Providing avenues for players to discuss and interact with your brand outside of the game will drive them back into the game, ultimately keeping it top of mind among the broader player base. This creates more dedicated fans, and by extension, reduces churn. It’s no wonder that the biggest mobile gaming companies in the world have dedicated community teams of at least 10–20 people, managing VIP programs, building community relationships, developing influencer marketing strategies, and more.

Even if your team doesn’t have those resources, you can still build community on existing platforms, like Reddit, Discord, and other social media networks – as long as you put time and resources into growing it. Just leverage in-game tools and systems (like clan building and chat functionality) to keep those valuable players engaged.

Takeaway: Take a holistic approach to community building, leveraging social media, loyalty programs, user-created content, and more to make players feel invested.

Create rewards that matter

When building your loyalty programs, ensure that you’re handing out perks that will actually make a difference for the user. Don’t just offer arbitrary rewards for the sake of having rewards. Discounts are great, but they’re not the only perk players are looking for, and they don’t always generate an emotional connection with your brand.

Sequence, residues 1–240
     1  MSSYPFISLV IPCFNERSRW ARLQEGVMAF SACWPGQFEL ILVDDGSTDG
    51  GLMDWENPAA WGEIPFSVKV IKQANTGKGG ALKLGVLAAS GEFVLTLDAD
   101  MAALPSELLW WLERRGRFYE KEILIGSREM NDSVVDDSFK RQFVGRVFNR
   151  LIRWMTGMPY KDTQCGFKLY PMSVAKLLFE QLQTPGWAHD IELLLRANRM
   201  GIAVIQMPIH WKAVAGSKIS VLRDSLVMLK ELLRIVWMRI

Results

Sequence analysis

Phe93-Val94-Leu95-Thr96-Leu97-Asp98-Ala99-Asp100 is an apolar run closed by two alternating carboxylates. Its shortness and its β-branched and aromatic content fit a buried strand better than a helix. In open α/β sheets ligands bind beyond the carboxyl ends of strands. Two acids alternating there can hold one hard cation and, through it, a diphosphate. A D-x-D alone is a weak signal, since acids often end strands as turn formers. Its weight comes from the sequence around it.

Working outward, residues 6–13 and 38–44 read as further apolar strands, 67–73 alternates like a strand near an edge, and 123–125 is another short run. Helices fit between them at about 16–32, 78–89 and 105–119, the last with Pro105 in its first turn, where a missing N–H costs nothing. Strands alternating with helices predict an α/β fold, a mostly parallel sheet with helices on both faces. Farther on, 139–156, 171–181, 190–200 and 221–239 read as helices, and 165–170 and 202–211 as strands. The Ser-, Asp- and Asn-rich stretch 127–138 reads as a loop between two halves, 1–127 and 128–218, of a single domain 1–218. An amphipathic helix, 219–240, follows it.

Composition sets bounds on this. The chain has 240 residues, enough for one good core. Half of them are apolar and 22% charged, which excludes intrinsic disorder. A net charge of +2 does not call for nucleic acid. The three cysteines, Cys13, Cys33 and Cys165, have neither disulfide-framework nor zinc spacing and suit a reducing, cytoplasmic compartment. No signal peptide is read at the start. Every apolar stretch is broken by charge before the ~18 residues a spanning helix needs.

Instead, view all aspects of your game’s service, like customer service and community engagement, as a way to reward players beyond a transactional relationship. Remember, Sephora’s reward program doesn’t just give out points; it delivers birthday messages and grants customers access to exclusive events. Sephora makes its reward members feel special for signing up – and they’ll continue spending money so long as the reward program continues caring for them.